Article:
Bare with me as I am still new to woodworking and what I learn is generally from watching YouTube, asking questions and trial and error. 

You need to be aware that fuming is done mostly on White Oak... I've never seen it done on Red Oak.  Probably because Red Oak has way more open pores and It wouldn't fume evenly. That's just a guess.

  • Thanks 1

Share this post


Link to post
Share on other sites
1 hour ago, sapling111276 said:

ammonia tenting was probably done to achieve the dark rich color of the wood

and if i remember right it's dangerous unless done correctly, fumes are not good for your health so be careful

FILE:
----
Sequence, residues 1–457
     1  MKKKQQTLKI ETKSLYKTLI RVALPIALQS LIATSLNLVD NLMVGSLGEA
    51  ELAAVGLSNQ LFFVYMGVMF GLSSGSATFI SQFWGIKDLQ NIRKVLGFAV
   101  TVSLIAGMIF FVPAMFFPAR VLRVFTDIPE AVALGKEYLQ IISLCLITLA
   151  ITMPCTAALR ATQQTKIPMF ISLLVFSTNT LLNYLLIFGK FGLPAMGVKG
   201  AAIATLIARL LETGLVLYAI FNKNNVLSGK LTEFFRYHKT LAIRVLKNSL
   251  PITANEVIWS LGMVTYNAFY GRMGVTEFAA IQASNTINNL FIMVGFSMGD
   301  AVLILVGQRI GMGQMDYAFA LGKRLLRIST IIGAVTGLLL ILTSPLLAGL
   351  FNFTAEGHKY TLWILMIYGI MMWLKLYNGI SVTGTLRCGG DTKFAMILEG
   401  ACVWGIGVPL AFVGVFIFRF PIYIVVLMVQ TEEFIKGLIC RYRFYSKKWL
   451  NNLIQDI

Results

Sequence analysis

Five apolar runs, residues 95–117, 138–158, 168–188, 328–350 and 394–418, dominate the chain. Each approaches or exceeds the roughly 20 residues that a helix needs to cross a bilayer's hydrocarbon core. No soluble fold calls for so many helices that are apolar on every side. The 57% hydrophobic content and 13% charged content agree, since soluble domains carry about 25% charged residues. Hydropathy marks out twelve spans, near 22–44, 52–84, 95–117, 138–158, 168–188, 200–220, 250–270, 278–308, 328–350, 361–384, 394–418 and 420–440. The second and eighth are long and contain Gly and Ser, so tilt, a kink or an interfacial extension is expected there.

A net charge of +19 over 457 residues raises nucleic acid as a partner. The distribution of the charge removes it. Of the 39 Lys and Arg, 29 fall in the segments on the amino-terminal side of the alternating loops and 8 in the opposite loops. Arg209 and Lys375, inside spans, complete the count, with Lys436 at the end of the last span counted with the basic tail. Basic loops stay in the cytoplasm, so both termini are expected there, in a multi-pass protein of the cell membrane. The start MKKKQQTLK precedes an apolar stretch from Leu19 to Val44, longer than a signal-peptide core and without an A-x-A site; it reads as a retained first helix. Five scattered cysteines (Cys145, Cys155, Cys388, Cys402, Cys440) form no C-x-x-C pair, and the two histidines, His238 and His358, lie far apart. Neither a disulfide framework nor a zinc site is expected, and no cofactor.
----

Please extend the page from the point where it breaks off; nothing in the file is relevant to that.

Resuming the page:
• Like 2

Share this post


Link to post
Share on other sites
4 minutes ago, sapling111276 said:

Richard, that is an incredible piece you have there. Thanks for the post. That helps quite a bit with what I need to do next. Thank you. 

Uh, what piece?

Share this post


Link to post
Share on other sites
7 minutes ago, treeslayer said:

and if i remember right it's dangerous unless done correctly, fumes are not good for your health so be careful

Excellent point treeslayer. I have a pretty sizable barn at the back of my 1 acre property that is not very... air tight. That, coupled with the fact that I wouldn't enter the vacinety without proper protection. I work in the chemical industry so I am familiar with the dangers of several, very dangerous chemicals, such as; formaldehyde, phenol and yes, even ammonia. Thank you for your words of warning, they will not be taken lightly.